I was interested in the idea of of formalising the idea of physical dimensions with an algebraic structure containing "all physical quantities of any type". You'd need:

  • Scalar multiplication over the reals (so you can get "2 kg" from "2 * kg")
  • Addition within the same dimension (so you can have "kg + kg = 2 kg")
  • Multiplication of any two elements (so you can have "J = N m = N * m")
  • Inverses (so you can have "m/s = m * s^(-1)")

A tensor algebra could formalise this system -- but then you'd get all sorts of objects like "1 kg + 1 m", which make no sense.

A group would make sense -- with sub-groups like "mass measurements", "time measurements", "real numbers", "units" -- but then you can't have zero. Plus, I'd like to have some notion of units or "unit vectors"/"unit tensors".

What's a good way to formalise this?

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    $\begingroup$ Also consider that some physical measurements are unitless. $\endgroup$ – David K Nov 29 '18 at 18:20
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    $\begingroup$ You might be interested in the "mathematical properties" section of the Wikipedia article on dimensional analysis: en.wikipedia.org/wiki/… $\endgroup$ – awkward Nov 29 '18 at 19:55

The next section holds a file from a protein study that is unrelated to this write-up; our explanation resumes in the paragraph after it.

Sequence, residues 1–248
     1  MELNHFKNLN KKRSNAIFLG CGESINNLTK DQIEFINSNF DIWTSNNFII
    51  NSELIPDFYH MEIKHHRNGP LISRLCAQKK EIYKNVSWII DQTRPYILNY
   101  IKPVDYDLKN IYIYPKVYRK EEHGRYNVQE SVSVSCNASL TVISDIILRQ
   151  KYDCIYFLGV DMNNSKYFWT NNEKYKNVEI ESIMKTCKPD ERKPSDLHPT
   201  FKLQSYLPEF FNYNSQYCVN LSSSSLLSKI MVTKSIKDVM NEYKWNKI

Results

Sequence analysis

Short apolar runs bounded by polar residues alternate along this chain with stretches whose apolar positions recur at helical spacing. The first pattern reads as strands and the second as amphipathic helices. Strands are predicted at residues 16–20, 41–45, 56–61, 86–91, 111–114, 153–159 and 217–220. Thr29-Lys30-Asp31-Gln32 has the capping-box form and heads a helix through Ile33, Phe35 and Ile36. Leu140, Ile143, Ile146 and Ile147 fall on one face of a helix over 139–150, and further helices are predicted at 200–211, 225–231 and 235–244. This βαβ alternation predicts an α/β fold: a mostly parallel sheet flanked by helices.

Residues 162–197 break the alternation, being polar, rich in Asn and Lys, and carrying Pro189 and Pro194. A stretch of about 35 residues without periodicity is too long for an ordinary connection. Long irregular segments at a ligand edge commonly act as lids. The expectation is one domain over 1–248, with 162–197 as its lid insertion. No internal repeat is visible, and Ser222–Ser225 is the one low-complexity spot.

• $\begingroup$ I would suggest a bundle of Abelian groups over the rational vector space of dimensions mentioned in the above wikipedia article: there's an assigned Abelian group to each dimension. $\endgroup$ – Berci Nov 29 '18 at 23:25

You could just use a multivariate polynomial ring $\mathbb R[x_1, x_2,x_3,x_4,\ldots]$ and map units of measure to a specific $x_i$. To obtain inverses you can go one step further to the field of fractions of this ring $\mathbb R(x_1,x_2,x_3,x_4\ldots)$.

That allows you to do addition and $\mathbb R$ scaling inside the subspace $\langle x_i\rangle$. Inversions are obviously possible in the field of fractions.

This allows you to freely construct different products of different units, and you can tell what combination is going on by the makeup of its monomial coefficient. If $x_1$ is kg and $x_2$ is s, then $\frac{x_1}{x_2^2}$ is kg/s^2.

Until you're a little more specific about what you hope to achieve, and why just using $\mathbb R$ with conversions between units doesn't satisfy your problem, I'm not sure what else can be said.

I'm also don't know why you are worried about addition between objects where addition isn't appropriate. Why do you want to eliminate it? It happens all the time in physical interpretations of Clifford algebra, and Clifford algebra is still useful. Extra nonsense that we don't use isn't a justification to throw out the stuff that works.


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